I’ve been drinking in the Oxford Bar since the mid-1980s.  I held my stag party there in June 1986, back when owners John and Margaret Gates ran the place as if it was their own home.  In fact, I know of one regular who bedded down one night on one of the pews, having nowhere else to go, startling the cleaner when she unlocked the door the next morning.  John eventually appeared as the character of Professor Gates, the pathologist in the early Rebus novels, as did my friend Jon (“Dr Curt”) who did me the favour of introducing me to the bar in the first place.  The Oxford Bar has always been special.  It was also a place where serving and retired cops used to drink, which is why I decided Rebus would drink there.  In the first few books, he sups in fictitious bars, but I moved him into the Ox eventually.  Some readers reckon I’m in the books too  –  there’s mention of a writer who sits at a table in the back room.  But that’s actually journalist (and poet) Hayden Murphy, who’s been drinking there even longer than me.  I knew Rebus would like the Oxford Bar for the same reasons I do  –  no bells or whistles; just beer and conversation.  And if you don’t feel like the conversation, well, no one’s going to force you.  And there’s still the beer.  The Ox also manages to be centrally-located yet not easy to find.  This to me is Edinburgh in microcosm  –  a city that seems very public and yet very private at the same time.  Not that time has stood still in the Ox  –  there’s a heater in the front bar these days, and a working fireplace in the back room.  It’s always been at the forefront of innovation, deciding to do away with its ‘pub grub’ just as other bars were starting to expand their range of hot meals.  Even the famed Rebus Roll (corned beef and beetroot) has gone.  The focus is back on thirst-slaking and conviviality.  These days I live across town from Young Street and have to walk past about twenty pubs to get there, yet still find myself heading to the Ox once a week or so to hang out with faces both weel-kent and new, to eavesdrop on possible stories, to pick up local gossip and political and historical debate, and to relax.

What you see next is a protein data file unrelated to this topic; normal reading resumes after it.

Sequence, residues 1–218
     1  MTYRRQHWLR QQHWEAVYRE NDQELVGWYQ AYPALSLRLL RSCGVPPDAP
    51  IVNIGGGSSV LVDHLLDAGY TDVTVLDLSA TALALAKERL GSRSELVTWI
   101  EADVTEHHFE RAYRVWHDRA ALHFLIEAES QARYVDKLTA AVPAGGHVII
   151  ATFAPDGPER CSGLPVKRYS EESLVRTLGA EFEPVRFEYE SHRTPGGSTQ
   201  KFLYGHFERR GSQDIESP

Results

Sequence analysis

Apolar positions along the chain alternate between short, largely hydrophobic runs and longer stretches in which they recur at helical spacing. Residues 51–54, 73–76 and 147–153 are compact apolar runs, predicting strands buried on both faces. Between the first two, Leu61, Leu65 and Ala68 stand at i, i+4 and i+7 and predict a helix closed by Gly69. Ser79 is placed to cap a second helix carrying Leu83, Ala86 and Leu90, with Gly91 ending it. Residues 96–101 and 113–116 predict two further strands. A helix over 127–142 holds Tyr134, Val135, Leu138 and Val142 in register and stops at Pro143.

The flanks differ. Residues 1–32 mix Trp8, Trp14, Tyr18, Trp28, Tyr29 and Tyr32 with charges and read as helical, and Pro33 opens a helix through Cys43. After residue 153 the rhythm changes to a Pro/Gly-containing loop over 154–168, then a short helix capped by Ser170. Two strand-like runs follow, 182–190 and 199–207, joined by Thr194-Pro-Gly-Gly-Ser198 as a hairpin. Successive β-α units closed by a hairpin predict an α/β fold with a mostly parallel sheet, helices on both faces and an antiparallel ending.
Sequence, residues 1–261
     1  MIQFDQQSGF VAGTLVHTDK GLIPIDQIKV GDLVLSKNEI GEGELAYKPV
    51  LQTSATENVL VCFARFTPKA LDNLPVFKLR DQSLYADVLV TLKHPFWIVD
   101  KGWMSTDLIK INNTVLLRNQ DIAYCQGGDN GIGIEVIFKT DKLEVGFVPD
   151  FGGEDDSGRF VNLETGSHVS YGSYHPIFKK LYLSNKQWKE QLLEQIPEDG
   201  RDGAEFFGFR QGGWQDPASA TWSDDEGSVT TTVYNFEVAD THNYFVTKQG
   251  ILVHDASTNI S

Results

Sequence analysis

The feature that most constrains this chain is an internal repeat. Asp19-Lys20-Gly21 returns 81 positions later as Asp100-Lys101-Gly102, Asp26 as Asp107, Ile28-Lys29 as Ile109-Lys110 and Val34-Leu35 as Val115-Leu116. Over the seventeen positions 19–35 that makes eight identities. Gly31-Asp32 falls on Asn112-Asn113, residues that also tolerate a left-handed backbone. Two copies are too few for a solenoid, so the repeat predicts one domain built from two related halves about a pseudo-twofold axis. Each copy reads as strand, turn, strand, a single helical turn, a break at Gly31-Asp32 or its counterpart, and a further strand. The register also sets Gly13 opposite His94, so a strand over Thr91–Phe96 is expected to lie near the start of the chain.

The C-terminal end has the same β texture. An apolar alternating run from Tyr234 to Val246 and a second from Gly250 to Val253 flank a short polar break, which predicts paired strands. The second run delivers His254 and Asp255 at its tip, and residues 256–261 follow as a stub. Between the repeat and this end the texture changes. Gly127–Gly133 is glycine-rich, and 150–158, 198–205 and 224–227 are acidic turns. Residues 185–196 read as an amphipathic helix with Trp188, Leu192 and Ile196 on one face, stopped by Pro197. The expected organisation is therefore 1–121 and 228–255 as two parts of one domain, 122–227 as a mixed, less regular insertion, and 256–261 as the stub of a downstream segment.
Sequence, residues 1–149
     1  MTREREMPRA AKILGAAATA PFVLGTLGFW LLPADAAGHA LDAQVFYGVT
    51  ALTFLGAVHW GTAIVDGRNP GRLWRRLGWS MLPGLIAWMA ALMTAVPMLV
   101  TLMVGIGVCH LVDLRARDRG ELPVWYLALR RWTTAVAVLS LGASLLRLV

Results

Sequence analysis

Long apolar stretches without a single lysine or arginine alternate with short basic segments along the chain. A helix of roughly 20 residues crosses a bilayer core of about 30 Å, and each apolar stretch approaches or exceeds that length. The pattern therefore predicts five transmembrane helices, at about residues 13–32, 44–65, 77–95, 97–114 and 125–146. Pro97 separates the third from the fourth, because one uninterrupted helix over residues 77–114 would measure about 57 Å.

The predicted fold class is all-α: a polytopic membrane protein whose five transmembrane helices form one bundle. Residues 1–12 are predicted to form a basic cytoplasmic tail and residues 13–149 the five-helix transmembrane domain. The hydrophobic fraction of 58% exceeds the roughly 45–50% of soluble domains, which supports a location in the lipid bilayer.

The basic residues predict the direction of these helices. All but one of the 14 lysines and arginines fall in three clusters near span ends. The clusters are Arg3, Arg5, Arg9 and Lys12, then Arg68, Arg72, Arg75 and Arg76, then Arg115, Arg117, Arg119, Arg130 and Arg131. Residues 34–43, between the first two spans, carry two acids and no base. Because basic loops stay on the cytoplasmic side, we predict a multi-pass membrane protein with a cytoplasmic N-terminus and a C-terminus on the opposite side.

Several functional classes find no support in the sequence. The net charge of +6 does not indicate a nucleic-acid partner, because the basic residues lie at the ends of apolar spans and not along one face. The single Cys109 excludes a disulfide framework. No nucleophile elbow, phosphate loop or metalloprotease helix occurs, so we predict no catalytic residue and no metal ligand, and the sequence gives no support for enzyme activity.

Ian Rankin
23rd May 2016